As user2723984 notes, academics often scramble their email addresses ostensibly to prevent web crawlers from harvesting their email address and spamming them. But it still allows humans to obtain their email address.
The effectiveness of this is debated.
While it is true that more sophisticated web crawlers could circumvent much of this, most are not sophisticated. Thus it does help protect against generic spam (but that stuff is mostly caught by spam filters anyway).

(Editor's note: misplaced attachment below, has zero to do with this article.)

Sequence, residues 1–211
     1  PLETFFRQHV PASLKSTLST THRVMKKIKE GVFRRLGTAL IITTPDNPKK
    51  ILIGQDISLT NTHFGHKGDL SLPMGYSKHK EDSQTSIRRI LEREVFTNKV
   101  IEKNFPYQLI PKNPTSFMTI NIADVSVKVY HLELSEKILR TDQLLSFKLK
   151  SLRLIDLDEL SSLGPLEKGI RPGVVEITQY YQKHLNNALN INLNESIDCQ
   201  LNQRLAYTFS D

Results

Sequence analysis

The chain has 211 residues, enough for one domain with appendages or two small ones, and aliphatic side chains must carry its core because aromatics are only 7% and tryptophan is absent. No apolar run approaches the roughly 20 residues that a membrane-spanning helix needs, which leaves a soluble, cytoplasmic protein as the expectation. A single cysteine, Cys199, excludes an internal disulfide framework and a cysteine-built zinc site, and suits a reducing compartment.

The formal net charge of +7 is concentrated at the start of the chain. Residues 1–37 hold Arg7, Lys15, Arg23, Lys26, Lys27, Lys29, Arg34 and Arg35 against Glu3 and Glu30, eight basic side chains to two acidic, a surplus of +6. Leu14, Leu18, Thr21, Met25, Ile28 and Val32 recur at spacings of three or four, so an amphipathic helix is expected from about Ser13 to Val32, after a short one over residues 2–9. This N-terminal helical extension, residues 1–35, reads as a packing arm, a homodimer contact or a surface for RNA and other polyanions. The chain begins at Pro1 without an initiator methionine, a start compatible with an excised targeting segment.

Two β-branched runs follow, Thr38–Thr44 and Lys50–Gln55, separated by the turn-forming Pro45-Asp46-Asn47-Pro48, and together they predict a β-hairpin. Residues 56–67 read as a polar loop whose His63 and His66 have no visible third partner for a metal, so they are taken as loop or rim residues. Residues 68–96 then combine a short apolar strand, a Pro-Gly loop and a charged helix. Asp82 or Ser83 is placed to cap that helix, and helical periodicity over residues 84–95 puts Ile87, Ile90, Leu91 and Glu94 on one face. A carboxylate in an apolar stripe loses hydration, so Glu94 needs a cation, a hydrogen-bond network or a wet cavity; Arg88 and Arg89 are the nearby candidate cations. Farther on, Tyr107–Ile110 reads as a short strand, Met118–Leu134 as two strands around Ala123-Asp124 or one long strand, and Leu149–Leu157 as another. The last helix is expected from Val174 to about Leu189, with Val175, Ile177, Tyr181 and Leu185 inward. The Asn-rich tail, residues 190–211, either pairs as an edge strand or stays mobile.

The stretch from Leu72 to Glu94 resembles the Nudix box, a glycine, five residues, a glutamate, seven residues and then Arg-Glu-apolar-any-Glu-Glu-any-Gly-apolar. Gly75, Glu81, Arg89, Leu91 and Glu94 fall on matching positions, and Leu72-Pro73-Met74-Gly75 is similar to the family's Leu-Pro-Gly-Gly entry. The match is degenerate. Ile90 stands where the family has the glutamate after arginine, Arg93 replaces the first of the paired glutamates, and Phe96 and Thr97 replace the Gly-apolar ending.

However, most academics continue to receive plenty of academic spam. This is because academic spammers harvest email addresses from papers via repositories like arxiv, where people do not use any kind of protection. (I know this because I receive academic spam at email addresses that only are in my papers.)
At this point, I think it is more of a piece of academic culture than a well-motivated practice. At least in computer science, most people do it. This encourages others to copy the practice and so it carries on. Some people go a bit further, e.g., "firstinitial dot lastname at thisuniversity dot edu", where you must fill in the name of the university as well as their name. (I personally find these riddles annoying. I put my email in an image on my website, but with the usual riddle as alt-text for blind people.)